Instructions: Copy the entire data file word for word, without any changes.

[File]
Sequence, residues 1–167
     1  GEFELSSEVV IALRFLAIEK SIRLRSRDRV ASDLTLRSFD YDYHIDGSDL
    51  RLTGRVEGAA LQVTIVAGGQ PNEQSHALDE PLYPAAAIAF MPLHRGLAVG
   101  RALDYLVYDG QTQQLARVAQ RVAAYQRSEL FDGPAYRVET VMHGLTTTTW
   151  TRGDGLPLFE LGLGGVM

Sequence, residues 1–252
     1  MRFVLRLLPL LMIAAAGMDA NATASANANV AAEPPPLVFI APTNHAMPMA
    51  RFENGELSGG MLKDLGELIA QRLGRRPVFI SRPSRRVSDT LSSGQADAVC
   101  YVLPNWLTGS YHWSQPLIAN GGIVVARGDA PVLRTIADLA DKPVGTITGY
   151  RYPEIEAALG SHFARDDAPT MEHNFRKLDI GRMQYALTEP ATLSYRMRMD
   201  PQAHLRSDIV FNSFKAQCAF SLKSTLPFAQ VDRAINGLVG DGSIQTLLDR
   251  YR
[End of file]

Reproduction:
Sequence, residues 1–167
     1  GEFELSSEVV IALRFLAIEK SIRLRSRDRV ASDLTLRSFD YDYHIDGSDL
    51  RLTGRVEGAA LQVTIVAGGQ PNEQSHALDE PLYPAAAIAF MPLHRGLAVG
   101  RALDYLVYDG QTQQLARVAQ RVAAYQRSEL FDGPAYRVET VMHGLTTTTW
   151  TRGDGLPLFE LGLGGVM

Sequence, residues 1–252
     1  MRFVLRLLPL LMIAAAGMDA NATASANANV AAEPPPLVFI APTNHAMPMA
    51  RFENGELSGG MLKDLGELIA QRLGRRPVFI SRPSRRVSDT LSSGQADAVC
   101  YVLPNWLTGS YHWSQPLIAN GGIVVARGDA PVLRTIADLA DKPVGTITGY
   151  RYPEIEAALG SHFARDDAPT MEHNFRKLDI GRMQYALTEP ATLSYRMRMD
   201  PQAHLRSDIV FNSFKAQCAF SLKSTLPFAQ VDRAINGLVG DGSIQTLLDR
   251  YR